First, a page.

It is wonderful, although disturbing, to read this elegantly written, honest look at a man, his friends and companions, his family, his trials and his triumphs, who sang his way into the hearts and memories of a lot of people. Seeger’s influence, not just in the music world; after all, the Weavers recording of “Goodnight Irene” in 1950 sold over a million copies, is and will be enduring.

This slender book, written in the kind of engaging style that is somehow the essence of Seeger’s approach to a principled life, is a moving tribute to him and to everything that’s right in these United States. Readers may disagree with his points of view, but you cannot disagree with the way Mr. Seeger fashioned his protest. Wilkinson has set down, in a most engaging manner,for readers everywhere, the values and the reality of a true American.

Carl Brookins
Case of the Greedy Lawyer, Devils Island, Bloody Halls, more at Kindle & Smashwords!

Wednesday, August 11, 2010


The Fourth Sacrifice

by Peter May

Thomas Dunne Books

Hardcover, 405 pages,ISBN: 0312364644

Review by Carl Brookins

Scotsman Peter May is a fine writer and a good journalist. He has experience, a good memory and he knows how to do research. For several months he was afforded unprecedented access to Chinese law enforcement behind the curtains. His books ring with authenticity. Sometimes all this expertise and research gets in the way of a really good story. If readers are fascinated by Chinese history the excavation of the terracotta warriors at X'ian, the capital of the Middle Kingdom, and interested in the rise and fall of the Red Guards during the cultural revolution, here's a novel that opens wide a window on those parts of Chinese history. For the rest of us, there's a little too much detail.

While the mystery is carefully rooted in those subjects, the principal plot concerns the main characters in May's first novel in this series. American forensic pathologist Margaret Campbell is a smart, irascible expert, widely recognized in her field. After a disastrous affair with a Bejing detective who had abruptly disappeared from her life, Margaret is determined to return to the U.S. although she has little to look forward to. Then an American citizen of Chinese descent who worked at the American Embassy in Bejing is murdered-decapitated. It is intriguing to the authorities because this killing is similar to three other recent deaths of native Chinese.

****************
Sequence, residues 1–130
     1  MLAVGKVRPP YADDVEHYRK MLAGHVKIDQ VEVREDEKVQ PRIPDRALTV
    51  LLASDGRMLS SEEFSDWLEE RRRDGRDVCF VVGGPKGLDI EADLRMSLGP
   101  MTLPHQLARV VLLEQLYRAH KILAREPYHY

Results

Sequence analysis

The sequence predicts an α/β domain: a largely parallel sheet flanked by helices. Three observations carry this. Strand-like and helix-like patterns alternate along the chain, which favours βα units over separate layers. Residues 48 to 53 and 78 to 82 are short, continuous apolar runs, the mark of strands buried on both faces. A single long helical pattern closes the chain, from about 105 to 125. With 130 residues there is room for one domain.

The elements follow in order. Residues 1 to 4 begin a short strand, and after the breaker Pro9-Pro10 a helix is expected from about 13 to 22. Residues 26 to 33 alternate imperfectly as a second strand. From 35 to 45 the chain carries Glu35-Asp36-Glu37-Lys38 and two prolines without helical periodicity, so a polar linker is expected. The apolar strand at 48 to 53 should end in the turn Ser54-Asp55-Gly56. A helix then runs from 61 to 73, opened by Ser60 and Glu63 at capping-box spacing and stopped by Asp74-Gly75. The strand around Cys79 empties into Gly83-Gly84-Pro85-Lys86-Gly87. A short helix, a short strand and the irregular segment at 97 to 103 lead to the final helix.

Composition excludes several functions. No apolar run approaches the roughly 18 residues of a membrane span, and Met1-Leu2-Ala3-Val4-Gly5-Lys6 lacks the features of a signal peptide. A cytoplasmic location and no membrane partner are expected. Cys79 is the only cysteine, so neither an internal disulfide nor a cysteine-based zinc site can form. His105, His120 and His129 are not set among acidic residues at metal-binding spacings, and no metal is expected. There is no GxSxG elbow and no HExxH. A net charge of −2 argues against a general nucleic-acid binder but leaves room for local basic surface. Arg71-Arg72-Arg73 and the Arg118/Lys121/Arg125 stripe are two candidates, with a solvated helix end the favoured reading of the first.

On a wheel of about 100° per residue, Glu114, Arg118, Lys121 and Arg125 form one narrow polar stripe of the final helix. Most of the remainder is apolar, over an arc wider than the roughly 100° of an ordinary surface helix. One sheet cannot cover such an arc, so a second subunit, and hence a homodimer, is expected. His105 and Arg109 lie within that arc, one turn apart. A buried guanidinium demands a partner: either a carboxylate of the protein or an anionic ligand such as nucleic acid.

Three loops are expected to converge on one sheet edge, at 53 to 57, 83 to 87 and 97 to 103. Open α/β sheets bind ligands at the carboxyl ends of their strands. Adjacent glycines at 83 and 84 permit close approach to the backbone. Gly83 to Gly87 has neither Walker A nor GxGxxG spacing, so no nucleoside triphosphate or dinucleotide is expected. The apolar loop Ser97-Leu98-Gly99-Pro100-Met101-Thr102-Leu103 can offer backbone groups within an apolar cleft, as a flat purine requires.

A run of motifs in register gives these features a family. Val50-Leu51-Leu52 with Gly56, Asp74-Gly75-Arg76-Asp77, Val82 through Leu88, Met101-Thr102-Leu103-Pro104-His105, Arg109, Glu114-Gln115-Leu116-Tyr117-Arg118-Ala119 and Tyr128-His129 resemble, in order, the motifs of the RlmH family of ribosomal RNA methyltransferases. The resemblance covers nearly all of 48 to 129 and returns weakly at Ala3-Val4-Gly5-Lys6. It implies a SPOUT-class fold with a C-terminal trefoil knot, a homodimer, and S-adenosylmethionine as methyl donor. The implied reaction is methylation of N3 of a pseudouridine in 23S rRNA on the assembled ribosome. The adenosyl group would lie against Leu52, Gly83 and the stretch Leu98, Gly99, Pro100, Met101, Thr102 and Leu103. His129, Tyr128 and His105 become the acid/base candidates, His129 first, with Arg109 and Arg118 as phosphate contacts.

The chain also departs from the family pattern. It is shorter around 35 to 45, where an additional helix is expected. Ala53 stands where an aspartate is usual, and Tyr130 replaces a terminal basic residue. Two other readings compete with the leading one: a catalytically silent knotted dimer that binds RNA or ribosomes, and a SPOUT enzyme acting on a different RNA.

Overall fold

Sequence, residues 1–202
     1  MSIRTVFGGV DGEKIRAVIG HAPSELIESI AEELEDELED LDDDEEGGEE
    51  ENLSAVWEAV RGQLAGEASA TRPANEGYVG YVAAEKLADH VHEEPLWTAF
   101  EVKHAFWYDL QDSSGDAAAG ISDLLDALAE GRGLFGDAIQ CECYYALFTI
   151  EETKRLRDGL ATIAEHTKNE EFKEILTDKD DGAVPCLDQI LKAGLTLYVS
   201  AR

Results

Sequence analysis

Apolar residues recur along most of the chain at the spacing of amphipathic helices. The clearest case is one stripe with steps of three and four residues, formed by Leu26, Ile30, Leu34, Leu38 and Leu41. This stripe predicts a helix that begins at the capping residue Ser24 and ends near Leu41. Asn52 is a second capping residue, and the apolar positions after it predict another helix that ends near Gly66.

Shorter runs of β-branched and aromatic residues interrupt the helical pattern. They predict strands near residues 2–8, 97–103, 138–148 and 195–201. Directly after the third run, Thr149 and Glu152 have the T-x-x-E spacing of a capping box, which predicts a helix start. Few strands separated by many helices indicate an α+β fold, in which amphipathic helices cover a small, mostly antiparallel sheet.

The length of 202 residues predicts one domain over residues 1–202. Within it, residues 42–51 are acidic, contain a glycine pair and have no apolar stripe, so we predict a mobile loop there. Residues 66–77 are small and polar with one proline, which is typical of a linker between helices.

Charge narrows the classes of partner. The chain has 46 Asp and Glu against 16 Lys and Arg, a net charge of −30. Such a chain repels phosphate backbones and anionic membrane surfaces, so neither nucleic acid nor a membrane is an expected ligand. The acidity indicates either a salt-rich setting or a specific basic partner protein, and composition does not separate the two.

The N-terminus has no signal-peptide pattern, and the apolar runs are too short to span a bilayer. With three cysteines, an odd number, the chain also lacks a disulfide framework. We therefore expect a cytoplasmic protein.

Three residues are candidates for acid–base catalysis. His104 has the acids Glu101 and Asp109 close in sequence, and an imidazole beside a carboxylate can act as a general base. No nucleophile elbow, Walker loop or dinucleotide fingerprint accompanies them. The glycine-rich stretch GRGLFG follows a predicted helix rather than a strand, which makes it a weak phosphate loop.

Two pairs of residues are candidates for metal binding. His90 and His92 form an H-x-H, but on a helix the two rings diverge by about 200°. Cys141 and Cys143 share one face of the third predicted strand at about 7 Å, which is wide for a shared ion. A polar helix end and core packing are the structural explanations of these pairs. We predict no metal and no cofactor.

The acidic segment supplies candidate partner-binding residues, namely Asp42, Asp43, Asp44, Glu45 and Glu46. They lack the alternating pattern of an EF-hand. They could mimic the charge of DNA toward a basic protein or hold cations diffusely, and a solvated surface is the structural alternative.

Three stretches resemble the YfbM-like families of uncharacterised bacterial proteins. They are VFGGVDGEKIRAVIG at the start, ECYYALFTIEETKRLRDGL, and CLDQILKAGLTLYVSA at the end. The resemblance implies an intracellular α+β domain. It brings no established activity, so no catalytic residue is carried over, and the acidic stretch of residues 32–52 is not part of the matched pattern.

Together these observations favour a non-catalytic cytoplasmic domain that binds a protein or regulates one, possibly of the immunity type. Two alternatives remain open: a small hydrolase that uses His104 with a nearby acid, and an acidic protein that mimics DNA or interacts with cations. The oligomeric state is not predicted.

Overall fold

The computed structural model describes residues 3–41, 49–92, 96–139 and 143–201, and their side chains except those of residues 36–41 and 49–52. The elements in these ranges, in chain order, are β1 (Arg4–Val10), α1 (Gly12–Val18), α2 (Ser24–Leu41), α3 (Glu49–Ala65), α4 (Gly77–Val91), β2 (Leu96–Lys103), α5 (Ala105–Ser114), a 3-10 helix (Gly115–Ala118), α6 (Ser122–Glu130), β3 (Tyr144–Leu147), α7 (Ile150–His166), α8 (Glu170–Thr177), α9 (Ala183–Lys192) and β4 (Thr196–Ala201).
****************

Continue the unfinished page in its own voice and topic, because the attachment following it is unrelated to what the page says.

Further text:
Higher authority assigns top detective Li Yan, Margaret's former lover, to the case. Then the Embassy insists that Margaret be present at the autopsy of the dead American. Once again Margaret and Le Yan are forced together in a conflicted and tempestuous joint effort to find a killer or killers.The author's high level skills in characterization and his excellent descriptions of exotic and unusual locations are on display. The novel is replete with insider looks at legal procedures and locations most will never experience. The novel is a wonderful excursion into police procedures and the passions of two individuals from very different cultures who find themselves almost inextricably linked. An excellent novel.

Carl Brookins

Case of the Greedy Lawyer, Devils Island,Bloody Halls, more at Kindle & Smashwords!

Monday, August 9, 2010


The Anteater of Death
By Betty Webb
Poisoned Pen Press,
December, 2008,
Hard cover,230 pages, $24.95,
ISBN: 9781590585603

This is the beginning of a new series for this veteran author. Just look again at the title. Somewhere in the back of my head there's a Shakespeare quote. Ms. Webb is an accomplished writer with several excellent novels to her credit. This one is a distinct departure for her, and it seems she is almost unable to restrain herself. There are a great many asides and some tongue-in-cheek humor that sometimes distracts the reader from a rather thin plot, although the setting is intriguing and Webb uses it well.

Theodora Bentley, the central character in this drama, is a zoo-keeper in a private enterprise somewhere in Southern California in an old seaside town interestingly named Gunn Landing. This zoo is the private plaything of some very wealthy families who have deep roots in the community. The situation is made more complex because some of those family roots are deeply entangled in their own history. Thus there is a darkness to this novel which offers some opportunities for the author to move in directions which would have been unthinkable even a couple of years ago.